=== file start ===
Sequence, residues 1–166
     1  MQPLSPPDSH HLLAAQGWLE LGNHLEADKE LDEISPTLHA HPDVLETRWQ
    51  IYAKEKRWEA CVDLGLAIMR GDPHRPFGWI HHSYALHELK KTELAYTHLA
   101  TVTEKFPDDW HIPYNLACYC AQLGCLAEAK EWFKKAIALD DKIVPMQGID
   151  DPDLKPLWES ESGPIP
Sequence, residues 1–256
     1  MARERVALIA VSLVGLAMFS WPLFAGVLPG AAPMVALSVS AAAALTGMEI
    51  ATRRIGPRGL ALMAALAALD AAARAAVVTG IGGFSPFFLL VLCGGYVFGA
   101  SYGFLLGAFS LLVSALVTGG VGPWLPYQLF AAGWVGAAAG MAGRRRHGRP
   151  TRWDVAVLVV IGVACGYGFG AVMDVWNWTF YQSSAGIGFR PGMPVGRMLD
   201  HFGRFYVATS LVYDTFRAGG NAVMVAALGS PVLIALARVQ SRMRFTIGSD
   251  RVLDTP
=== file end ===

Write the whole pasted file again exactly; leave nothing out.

Sequence, residues 1–166
     1  MQPLSPPDSH HLLAAQGWLE LGNHLEADKE LDEISPTLHA HPDVLETRWQ
    51  IYAKEKRWEA CVDLGLAIMR GDPHRPFGWI HHSYALHELK KTELAYTHLA
   101  TVTEKFPDDW HIPYNLACYC AQLGCLAEAK EWFKKAIALD DKIVPMQGID
   151  DPDLKPLWES ESGPIP
Sequence, residues 1–256
     1  MARERVALIA VSLVGLAMFS WPLFAGVLPG AAPMVALSVS AAAALTGMEI
    51  ATRRIGPRGL ALMAALAALD AAARAAVVTG IGGFSPFFLL VLCGGYVFGA
   101  SYGFLLGAFS LLVSALVTGG VGPWLPYQLF AAGWVGAAAG MAGRRRHGRP
   151  TRWDVAVLVV IGVACGYGFG AVMDVWNWTF YQSSAGIGFR PGMPVGRMLD
   201  HFGRFYVATS LVYDTFRAGG NAVMVAALGS PVLIALARVQ SRMRFTIGSD
   251  RVLDTP